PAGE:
Croatian hospital study showed ultrasound requests doubled and CT requests tripled in 10-year period, says Rijeka-based specialist

This year, the main theme of the International Day of Radiology is emergency radiology. To get some insight into the field, we spoke to Prof. Damir Miletić, head of the radiology department at the Clinical Hospital Centre in Rijeka, Croatia.

European Society of Radiology: Could you please describe the role of the radiologist in a typical emergency department in your country?
Damir Miletić: Radiologists are involved with the majority of patients admitted to the emergency department because most adult patients require radiology services as part of their treatment. Sometimes we wonder if all these cases really are emergencies. However, during a busy shift, we don’t have time to check the indication, particularly for conventional radiography. We notice that proper clinical examinations are sometimes not only supplemented with, but often replaced with imaging and blood tests. That is magnified when the emergency department workload overwhelms the staff’s capacity. We encounter ‘defensive medicine’ in some clinical scenarios, but in emergency radiology, it is more evident than in other radiology specialties. Radiologists are imaging consultants for cross-sectional imaging indications like CT, MR or ultrasound in emergency settings because referring physicians are required to contact the radiologist to briefly explain their requests. Conventional radiography, however, does not usually require a radiologist’s approval.

Prof. Damir Miletić is an abdominal radiologist who is head of the radiology department at the Clinical Hospital Centre in Rijeka, Croatia; and chairman of radiology at the medical faculty at the University of Rijeka.

ESR: What does a typical day in the emergency department look like for a radiologist?
DM: A typical day for a radiologist in our country varies with the size of the hospital and its spectrum of specialty departments. In some hospitals, that means 20 patients per 12-hour shift. However in others, that number may increase up to 80 to 120 patients, including 10 to 15 CT scans and 5 to 10 ultrasound examinations. In hospitals with 24-hour shifts, that may be exhausting for radiologists and residents. In Croatian hospitals, interventional and paediatric radiologists have daily or weekly on-call duties. A pilot study in the Croatian university hospital revealed that ultrasound requests doubled and CT requests tripled within the 10-year follow-up, while the number of patients admitted to the emergency department is held constant. That study clearly shows a significant increase in cross-sectional diagnostics per emergency patient.

ESR: Teamwork is crucial in an emergency department. How is this accomplished in your department and who is involved?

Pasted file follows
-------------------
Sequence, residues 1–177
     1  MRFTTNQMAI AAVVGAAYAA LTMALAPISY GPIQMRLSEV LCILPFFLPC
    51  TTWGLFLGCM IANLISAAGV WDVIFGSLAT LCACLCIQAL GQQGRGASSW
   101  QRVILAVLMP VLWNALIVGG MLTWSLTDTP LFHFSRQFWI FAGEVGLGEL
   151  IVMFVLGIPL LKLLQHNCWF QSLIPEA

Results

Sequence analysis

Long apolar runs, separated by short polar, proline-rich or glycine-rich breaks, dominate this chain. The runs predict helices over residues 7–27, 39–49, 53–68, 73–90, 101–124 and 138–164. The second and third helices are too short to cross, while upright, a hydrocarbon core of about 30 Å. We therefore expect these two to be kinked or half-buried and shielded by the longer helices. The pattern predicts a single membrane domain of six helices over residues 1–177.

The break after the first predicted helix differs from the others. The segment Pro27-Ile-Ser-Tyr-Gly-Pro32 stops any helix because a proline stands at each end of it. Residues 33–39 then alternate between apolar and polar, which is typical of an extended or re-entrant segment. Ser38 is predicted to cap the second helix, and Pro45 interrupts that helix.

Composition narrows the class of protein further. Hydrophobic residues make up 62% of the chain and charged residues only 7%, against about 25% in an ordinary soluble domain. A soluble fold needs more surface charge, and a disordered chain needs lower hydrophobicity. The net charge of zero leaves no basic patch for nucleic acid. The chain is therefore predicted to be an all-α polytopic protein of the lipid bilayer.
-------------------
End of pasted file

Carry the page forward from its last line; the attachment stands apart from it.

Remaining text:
DM: A typical radiology team in the emergency-radiology department includes a radiologist, a resident and a radiology technologist. During day shifts, they take care of emergency patients and synchronise emergency examinations with those of regularly scheduled patients. Frequently, experts in various radiology specialties are consulted and, when necessary, directly involved in problem-solving. They enrich quality of our radiological service, particularly when postoperative complications are suspected or in complex interdisciplinary cases. Overnight and weekend shifts are completely different because radiologists and residents are dealing with the whole spectrum of radiological emergencies. In paediatric emergencies, clinicians frequently follow their patients to radiology to attend the examination. This is also the case for adult patients who present with life-threatening emergencies and for patients who require a CT examination due to polytrauma.

ESR: How satisfied are you with the workflow and your role in your department? How do you think it could be improved?
DM: As the head of a typical teaching hospital’s radiology department, I try to organise structured CT, MR, and ultrasound shifts, which are dedicated to a particular pathology and organ system to improve and optimise procedures. That concept has proved to be more efficient. It includes skilled technologists and expert radiologists, but it also helps us schedule patients based on clinical data provided by referring clinicians. Typically, our radiologists are experts in two to three fields, but they are trained to solve emergencies in all other capacities as well. Radiologists dedicated to a single radiology specialty are exceptions in Croatia. Only interventional and paediatric radiologists have one specialty. Caseloads in Croatian radiology departments has increased significantly in the past decade, while the number of radiologists has not increased. Long waiting lists create a lot of pressure on radiology departments, which is ironic given the limited radiology staff and equipment and the unlimited physician referrals. The topic of unnecessary examinations is very popular in many public discussions about the quality of the healthcare system in Croatia. In emergency radiology, we must be cautious because of unexpected findings that we could not predict before imaging is completed. There is convincing data in the literature about unexpected, but clinically relevant, incidental findings on cross-sectional diagnostic modalities. Radiologists who evaluate the necessity of an examination from the emergency department might find themselves on thin ice if they decide to reject the examination as not clinically founded. We may find that many physicians use imaging not to confirm their clinical suspicion, but to exclude pathology within their scope, which is typical for defensive medicine. Hence, we are not likely to see a substantial decrease in the proportion of negative findings, and we should endeavour to keep the numbers at the present level.